The Houston Rockets' 45-win season greatly exceeded the expectations of many due to more than just James Harden and his magnificent beard.
A number of Rockets began to develop rapidly and it is no coincidence that the most surprising team in the league features three starters who could all be considered potential "Most Improved Players."
Harden finished fifth in the league in scoring and was a huge part of the team's success. He gave the Rockets a legitimate first option and meshed well with Chandler Parsons, Omer Asik and Jeremy Lin.
Then there is Lin, whose very existence is enough to spark riots on the Bleacher Report comment sections.
Assessing the play of the league's most polarizing prospect and the rest of the Rockets' roster is a task we've given attention to in this year's report card for the Rockets.
No player entered the season with more disparate expectations than Jeremy Lin.
There were those who expected him to pick up right where "Linsanity" dropped off, those who expected an All-Star campaign—and there were those who expected the Harvard grad to just play his way right out of the league.
Fresh off a three-year, $25 million contract, Lin found himself battling pain in his surgically repaired knee during the preseason where his stroke was way off.
The Rockets didn't panic.
Instead, they found help, acquiring James Harden and putting an end to delusions that the Rockets were trying to jump-start their franchise on a guy who was never drafted. Lin's high upside may be that of just a 15-point, seven-assist player, but that's still very good. He's also an above-average defender with surprisingly good lateral foot motion.
Lin must further work on his mid-range jumper and learn to go left better. As he makes these incremental strides, he'll show that the contract he received was about on par with the level of production he'll give.
He posted 13.4 points and 6.1 assists per game this year with a PER of 14.9, about the league average. Lin is a starting-caliber guard with high upside and that's just the kind of guy Morey wants around as he puts parts together.
Because Lin fans come in three varieties, his grade does as well:
Lin Haters Grade: F (Belongs in D-League)
Linsanity Riders Grade: A+ (Should have been All-NBA and an All-Star)
Realistic (Actual) Grade: B (A good NBA starter; what he is)
James Harden had toiled away as a third option on a contending Oklahoma City Thunder team which just couldn't afford to keep its own draft selections.
Because Harden's talents commanded a max-contract, and the Thunder were already entering luxury tax territory, Thunder GM Sam Presti traded Harden to the Houston Rockets in what was the biggest blockbuster of the season.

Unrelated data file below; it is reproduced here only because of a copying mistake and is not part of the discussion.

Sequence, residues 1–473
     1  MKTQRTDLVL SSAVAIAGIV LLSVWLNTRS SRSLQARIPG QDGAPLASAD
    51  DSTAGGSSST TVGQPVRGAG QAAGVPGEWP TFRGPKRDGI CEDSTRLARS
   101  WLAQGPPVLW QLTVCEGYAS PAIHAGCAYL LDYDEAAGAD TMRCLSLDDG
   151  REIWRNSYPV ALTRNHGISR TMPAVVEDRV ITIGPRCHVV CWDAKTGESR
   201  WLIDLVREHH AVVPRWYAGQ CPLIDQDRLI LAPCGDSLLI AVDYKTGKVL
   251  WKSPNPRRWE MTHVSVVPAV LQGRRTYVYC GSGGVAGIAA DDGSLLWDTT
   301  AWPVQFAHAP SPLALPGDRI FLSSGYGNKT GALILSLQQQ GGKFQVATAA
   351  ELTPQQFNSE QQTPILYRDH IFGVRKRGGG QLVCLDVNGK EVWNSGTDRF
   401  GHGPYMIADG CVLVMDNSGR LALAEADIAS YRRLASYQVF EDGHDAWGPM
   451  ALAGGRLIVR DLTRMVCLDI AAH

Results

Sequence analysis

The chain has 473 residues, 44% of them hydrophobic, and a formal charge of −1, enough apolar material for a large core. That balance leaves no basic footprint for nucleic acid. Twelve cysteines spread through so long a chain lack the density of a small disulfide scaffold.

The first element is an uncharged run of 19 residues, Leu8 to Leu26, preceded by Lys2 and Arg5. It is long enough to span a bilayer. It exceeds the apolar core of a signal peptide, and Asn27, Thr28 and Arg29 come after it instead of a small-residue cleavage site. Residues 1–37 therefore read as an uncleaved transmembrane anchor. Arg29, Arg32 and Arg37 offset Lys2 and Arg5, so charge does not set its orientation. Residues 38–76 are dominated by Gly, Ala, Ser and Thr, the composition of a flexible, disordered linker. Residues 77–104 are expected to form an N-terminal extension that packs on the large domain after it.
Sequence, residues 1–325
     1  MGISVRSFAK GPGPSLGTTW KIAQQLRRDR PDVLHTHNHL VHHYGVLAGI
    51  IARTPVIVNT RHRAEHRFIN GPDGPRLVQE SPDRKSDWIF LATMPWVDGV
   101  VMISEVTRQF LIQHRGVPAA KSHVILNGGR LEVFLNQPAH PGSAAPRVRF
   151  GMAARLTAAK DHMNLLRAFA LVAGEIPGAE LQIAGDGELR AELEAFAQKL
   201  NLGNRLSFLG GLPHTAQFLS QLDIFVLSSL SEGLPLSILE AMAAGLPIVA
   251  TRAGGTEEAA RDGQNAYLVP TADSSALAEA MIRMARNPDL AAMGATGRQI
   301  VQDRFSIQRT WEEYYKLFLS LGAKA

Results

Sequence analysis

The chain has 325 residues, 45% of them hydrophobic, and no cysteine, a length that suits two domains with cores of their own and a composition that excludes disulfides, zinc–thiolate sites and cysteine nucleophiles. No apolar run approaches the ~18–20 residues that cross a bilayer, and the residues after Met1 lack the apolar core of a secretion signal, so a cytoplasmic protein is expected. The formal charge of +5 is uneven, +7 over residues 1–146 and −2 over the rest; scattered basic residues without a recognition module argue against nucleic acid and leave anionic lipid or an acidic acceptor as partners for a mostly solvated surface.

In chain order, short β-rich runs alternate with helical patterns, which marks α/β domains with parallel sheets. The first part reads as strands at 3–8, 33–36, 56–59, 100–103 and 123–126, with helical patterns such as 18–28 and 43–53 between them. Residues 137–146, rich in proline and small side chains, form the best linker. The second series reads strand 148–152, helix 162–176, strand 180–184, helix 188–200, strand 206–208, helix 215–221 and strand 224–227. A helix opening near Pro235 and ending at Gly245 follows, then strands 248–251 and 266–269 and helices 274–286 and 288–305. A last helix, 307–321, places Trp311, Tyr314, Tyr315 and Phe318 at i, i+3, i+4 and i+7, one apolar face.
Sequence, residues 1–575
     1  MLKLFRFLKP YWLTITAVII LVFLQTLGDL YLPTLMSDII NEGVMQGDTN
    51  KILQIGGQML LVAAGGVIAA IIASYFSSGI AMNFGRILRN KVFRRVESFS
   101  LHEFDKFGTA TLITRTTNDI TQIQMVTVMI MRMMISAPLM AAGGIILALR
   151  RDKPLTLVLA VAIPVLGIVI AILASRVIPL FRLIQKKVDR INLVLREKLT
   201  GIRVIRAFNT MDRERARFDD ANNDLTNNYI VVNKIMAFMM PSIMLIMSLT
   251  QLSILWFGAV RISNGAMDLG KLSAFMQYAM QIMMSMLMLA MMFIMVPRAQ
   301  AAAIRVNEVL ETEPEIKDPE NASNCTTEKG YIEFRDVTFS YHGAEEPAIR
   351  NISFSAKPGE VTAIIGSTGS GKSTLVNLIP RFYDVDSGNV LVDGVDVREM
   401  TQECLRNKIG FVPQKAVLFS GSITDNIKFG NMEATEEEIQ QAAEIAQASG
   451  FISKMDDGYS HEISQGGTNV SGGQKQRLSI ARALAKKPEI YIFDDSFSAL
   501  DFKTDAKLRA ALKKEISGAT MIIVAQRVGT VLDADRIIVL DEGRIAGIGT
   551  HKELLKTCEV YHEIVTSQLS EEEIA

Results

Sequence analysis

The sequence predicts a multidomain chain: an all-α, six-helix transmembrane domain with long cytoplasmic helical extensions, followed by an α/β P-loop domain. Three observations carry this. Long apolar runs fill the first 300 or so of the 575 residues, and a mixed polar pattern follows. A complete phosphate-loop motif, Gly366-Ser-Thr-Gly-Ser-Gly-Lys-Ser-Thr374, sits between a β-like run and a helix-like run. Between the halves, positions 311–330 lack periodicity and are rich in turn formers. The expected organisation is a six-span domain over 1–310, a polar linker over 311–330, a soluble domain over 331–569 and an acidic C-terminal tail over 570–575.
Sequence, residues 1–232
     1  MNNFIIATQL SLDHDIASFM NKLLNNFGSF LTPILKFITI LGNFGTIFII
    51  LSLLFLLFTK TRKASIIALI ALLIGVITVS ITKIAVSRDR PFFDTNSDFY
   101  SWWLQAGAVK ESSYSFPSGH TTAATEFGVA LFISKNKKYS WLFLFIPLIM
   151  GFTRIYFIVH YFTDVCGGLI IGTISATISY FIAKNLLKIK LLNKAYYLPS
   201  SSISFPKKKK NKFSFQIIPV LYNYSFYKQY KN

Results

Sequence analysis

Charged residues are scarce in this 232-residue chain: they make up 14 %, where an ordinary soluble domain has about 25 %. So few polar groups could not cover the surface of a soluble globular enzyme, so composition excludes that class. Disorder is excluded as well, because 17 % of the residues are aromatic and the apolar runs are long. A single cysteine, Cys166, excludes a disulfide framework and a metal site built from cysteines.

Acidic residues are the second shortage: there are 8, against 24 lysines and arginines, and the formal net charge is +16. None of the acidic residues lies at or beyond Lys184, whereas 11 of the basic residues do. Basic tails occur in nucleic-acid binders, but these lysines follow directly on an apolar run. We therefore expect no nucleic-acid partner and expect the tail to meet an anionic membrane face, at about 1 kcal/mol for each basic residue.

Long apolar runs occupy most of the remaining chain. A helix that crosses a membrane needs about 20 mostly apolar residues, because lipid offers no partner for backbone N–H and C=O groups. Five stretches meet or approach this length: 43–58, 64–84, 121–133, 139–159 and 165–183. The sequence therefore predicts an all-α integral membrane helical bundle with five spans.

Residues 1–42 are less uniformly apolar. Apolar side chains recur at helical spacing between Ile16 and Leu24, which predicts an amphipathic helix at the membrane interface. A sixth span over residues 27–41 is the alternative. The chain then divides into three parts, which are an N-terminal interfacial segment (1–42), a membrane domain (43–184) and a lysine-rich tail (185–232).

Daryl Morey of the Rockets took a small wager that Harden's strong per-minute production in OKC could translate to big numbers as a No. 1 option. That gamble paid off, as Harden finished fifth in the NBA in scoring with 25.9 points per game.
Harden made his first All-Star team, and he displayed he has the playmaking and skills to take a team of role players to 45 wins and a postseason appearance. Essentially, the Thunder would have had three players talented enough to be a No. 1 option on a playoff team, while there are a number of teams in the Association without even one.
The fact that Morey was able to do this while only losing one first-round pick and one major starter (Kevin Martin) is astounding. It's why he's in consideration for Executive of the Year. And it's why Harden receives a perfect grade.
It was a mission fulfilled by the Beard to generate some excitement in Houston and get fans believing this young team can make noise and bring the Rockets their first title since 1995.
Chandler Parsons deserved the Most Improved Player of the Year award, but the fact he finished third in voting illustrates notice was taken of his talents.
Unlike teammate James Harden and the award winner Paul George of the Indiana Pacers, both of whom who merely assumed a much larger role—Parsons made genuine improvements in several aspects of his game.
Parsons' defense went from average to exceptional, his shooting from good to superb and his abilities to blend seamlessly with a high-usage guy like James Harden exhibited the value of the former Florida Gator's worth.
Parsons is on a $880,000 contract, which makes him the league's best bargain.